How You Can Reduce Your Veterinarian’s Bill Provided He Cooperates!

This is about prescriptions written by American veterinarians and it is not hot off the press news. It is a reminder of how pet medicines are dispensed. We know that in nearly 100% of cases your veterinarian’s prescription is dispensed by the vet’s clinic.  The dispensing of medicines is kept in-house for obvious reasons: financial profit.  You can’t blame veterinarians for that but it is totally different to how human medicines are dispensed (at least that is the case in the UK).

Target PetRx

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However, in America, a couple of large supermarket chains, Targets and Kroger, provide a pet version of their original $4 generics program. The pet program is called PetRx and works in the same way that the original program does. I am sure you have heard about it. I’d like someone to comment if they can and tell me if you use it.

The drugs that these huge supermarkets provide are generic.  They’re not branded and therefore they’re much cheaper.  If you’re able to convince your veterinarian to provide you with a prescription then you can go along to one of these stores and purchase generic versions of the drugs at a significant discount.

In fact, as I understand it, the PetRx program allows a customer to obtain a months supply of medication for $4.  If I have that wrong then please tell me.  It seems an extraordinarily low price and if your cat is on repeat prescriptions for a chronic condition then I would have thought that substantial savings could be made.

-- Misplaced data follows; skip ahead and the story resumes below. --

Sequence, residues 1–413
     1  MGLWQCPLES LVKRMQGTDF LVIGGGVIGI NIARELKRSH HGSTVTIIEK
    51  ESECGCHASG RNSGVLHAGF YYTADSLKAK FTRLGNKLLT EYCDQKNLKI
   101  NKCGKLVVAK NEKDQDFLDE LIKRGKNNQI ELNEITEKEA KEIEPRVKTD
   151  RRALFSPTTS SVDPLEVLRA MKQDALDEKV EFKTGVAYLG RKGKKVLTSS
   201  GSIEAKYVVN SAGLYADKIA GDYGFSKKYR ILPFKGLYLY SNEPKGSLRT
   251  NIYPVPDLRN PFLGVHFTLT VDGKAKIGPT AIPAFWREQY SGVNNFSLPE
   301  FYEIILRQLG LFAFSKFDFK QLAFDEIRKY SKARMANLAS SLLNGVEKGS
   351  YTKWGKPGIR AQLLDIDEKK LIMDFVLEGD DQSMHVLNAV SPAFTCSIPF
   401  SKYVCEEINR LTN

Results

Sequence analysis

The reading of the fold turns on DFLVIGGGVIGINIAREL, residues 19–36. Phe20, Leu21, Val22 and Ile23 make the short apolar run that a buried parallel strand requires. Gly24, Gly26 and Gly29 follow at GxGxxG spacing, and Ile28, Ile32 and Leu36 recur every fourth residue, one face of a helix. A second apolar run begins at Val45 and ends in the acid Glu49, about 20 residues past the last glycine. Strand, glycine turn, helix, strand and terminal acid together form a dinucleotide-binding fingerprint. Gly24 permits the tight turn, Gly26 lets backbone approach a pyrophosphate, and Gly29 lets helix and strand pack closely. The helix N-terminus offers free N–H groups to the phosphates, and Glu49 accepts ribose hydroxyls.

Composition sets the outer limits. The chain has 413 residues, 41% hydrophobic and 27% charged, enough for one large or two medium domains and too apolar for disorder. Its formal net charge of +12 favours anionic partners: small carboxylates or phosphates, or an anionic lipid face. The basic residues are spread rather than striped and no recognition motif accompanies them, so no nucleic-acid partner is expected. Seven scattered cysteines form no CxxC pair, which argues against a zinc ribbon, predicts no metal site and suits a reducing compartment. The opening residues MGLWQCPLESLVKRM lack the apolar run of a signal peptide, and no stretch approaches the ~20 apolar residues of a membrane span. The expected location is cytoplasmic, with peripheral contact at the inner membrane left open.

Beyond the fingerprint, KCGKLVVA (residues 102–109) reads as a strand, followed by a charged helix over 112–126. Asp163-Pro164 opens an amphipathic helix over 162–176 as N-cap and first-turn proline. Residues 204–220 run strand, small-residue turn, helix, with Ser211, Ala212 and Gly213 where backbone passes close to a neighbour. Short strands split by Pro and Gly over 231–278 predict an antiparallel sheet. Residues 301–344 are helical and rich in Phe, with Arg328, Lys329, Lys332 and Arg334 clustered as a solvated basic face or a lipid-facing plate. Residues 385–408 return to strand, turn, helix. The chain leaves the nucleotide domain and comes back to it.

The problem is that a vet is highly unlikely to hand over a prescription to his customer (I have never asked my vet whether he would!). For this reason federal draft legislation was discussed.  It is called the Fairness to Pet Owners Act 2011 (“to provide pet owners the ability to receive a copy of veterinary prescriptions, and for other purposes”).  The Bill was debated by a House of Representatives committee.  Quite naturally the American Veterinary Medical Association (AVMA) fought the bill because they saw the potential for their members’ profits to be eroded. Proceeds from prescriptions amount to about 20% of a vet’s income. The AVMA won and the Bill was killed off but as I understand it, it has been reintroduced on FEB 10, 2014. The vets are still fighting this bill.

Are your able to persuade your veterinarian to provide you with a copy of the prescription? Have you tried this? Or is this a fanciful notion? If so and if you have succeeded then you probably know that what you do is to find out if any of the Targets or Krogers in your area offer the program and then to check whether the medicines required by your cat come in $4 generics. If you are able to get over these hurdles you can then provide your local store’s pharmacy with a prescription and voilà you’ve shaved some costs from your cat’s medicine bill.

8 thoughts on “How You Can Reduce Your Veterinarian’s Bill Provided He Cooperates!”